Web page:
Putin Orders Army Drills as Merkel Accuses Russia on Ukraine

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Soldiers take part in tactical and the special training of electronic warfare divisions, in Yekaterinburg, Russia, on Aug. 18, 2016.

Photographer: Donat Sorokin/TASS via Getty Images
  • Military tests combat readiness, Russian defense minister says
  • NATO will protect member states, Merkel tells Estonians

Russian President Vladimir Putin ordered snap military drills as German Chancellor Angela Merkel accused him of breaking international law in Ukraine and said NATO will defend member states against attack.

Combat readiness exercises are taking place “to defend the interests of the Russian Federation amid increasing threats to its security,” Defense Minister Sergei Shoigu said Thursday in a statement on the ministry’s website. Troops in Russia’s southern, central and western military districts, naval deployments in the Black Sea and Caspian Sea, and airborne forces are involved, he said.

QuickTake Standoff in Ukraine

While Germany wants a “constructive relationship” with Russia, “we have to live with the reality” of its actions in annexing Crimea and backing separatists in eastern Ukraine, Merkel told reporters Thursday in the Estonian capital, Tallinn. Members of the North Atlantic Treaty Organization will stand together against any threats and are committed to protecting the Baltic nation that borders Russia, she said.

Russia is conducting drills near its border with Ukraine amid a spike in tensions ahead of talks on the Ukrainian conflict between Putin, Merkel and French President Francois Hollande on the sidelines of the Sept 4-5 Group of 20 summit in China. Putin threatened “very serious” measures after accusing Ukraine of killing two Russian servicemen earlier this month in Crimea, which he annexed in 2014.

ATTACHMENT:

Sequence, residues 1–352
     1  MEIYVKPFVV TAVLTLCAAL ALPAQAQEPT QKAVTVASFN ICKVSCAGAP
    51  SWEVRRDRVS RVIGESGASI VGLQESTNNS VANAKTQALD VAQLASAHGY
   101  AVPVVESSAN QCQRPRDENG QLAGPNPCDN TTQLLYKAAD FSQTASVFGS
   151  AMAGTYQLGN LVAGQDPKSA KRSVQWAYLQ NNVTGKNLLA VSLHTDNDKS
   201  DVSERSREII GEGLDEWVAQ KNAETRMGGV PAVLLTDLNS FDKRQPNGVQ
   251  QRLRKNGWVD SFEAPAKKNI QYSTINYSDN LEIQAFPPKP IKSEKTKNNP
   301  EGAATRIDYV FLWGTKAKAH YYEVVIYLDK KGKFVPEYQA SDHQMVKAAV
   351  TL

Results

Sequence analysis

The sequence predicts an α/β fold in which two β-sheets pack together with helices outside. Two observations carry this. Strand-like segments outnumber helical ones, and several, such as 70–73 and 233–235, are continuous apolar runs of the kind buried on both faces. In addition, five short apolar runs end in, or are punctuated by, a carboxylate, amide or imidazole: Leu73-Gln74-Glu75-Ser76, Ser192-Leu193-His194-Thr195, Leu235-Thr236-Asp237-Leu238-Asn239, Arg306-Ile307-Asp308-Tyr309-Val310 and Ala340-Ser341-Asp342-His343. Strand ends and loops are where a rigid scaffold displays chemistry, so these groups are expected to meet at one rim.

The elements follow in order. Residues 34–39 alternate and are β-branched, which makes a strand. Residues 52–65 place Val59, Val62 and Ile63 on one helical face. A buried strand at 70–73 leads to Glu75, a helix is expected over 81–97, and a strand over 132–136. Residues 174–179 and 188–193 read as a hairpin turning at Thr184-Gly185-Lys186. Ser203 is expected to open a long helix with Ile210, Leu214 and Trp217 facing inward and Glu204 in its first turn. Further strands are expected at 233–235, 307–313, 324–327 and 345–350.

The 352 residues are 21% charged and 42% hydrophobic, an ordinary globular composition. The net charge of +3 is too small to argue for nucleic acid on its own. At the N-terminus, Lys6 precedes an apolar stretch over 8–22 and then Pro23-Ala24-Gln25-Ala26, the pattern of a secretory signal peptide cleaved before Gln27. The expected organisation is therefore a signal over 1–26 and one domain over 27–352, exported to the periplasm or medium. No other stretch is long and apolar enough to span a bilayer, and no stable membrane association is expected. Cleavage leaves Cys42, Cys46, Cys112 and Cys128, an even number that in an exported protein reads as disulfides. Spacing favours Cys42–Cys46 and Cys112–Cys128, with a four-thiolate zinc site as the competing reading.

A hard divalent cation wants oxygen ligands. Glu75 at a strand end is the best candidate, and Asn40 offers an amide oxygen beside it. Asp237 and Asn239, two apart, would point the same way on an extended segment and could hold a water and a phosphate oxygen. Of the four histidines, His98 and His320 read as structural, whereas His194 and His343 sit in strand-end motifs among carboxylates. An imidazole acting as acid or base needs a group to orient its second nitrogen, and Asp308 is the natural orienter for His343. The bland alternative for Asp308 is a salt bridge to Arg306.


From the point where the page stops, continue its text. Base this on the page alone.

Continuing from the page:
Ukraine said the incident never happened and President Petro Poroshenko put his military on high alert last week, saying that “we don’t rule out a full-scale Russian invasion.” Despite a February 2015 cease-fire accord, fighting has flared in eastern Ukraine where almost 10,000 people have been killed since the conflict with pro-Russian rebels erupted in April 2014.

‘Flout’ Law

It’s necessary to “call it as you see it” on the Ukrainian conflict and it’s not possible simply to accommodate Russia even as the European Union, which imposed sanctions, has made “many offers” to try to resolve the crisis, Merkel said.

“I, for one, couldn’t imagine that Russia would flout international law to the point of annexing Crimea,” Merkel said. “Who would have expected separatists to destabilize eastern Ukraine to such a degree with Moscow’s support?”

The EU can’t discuss lifting sanctions against Russia without “significant improvement” in implementing the 2015 truce accord signed in Minsk, Belarus, Czech Prime Minister Bohuslav Sobotka said at a news conference with Merkel in Prague later on Thursday.

“I share that opinion,” Merkel said. While she hoped that she and Hollande can report progress to the rest of the EU, “this hasn’t been the case so far,” she said.

‘Confrontational Steps’

Amid the tensions with Russia over Ukraine, NATO approved plans at its summit in Warsaw last month to rotate four battalions through Poland and the Baltic states of Estonia, Lithuania and Latvia to bolster the alliance’s defenses. Russia responded to what it saw as a NATO buildup on its borders by announcing deployment of three new divisions in the European part of the country.

Putin ordered similar large-scale combat-readiness drills in June. He also told a gathering of his ambassadors that month that NATO “is not only seeking in Russia’s behavior justification for its own legitimacy and existence but also is taking truly confrontational steps against us.”

NATO has accused Russia of sending troops and weapons to support the separatists in Ukraine, an allegation Putin has denied. Russia “needs to stop supporting the militants, and withdraw its forces and military equipment from Ukrainian territory,” Secretary General Jens Stoltenberg said after a meeting of the NATO-Ukraine Commission in June.

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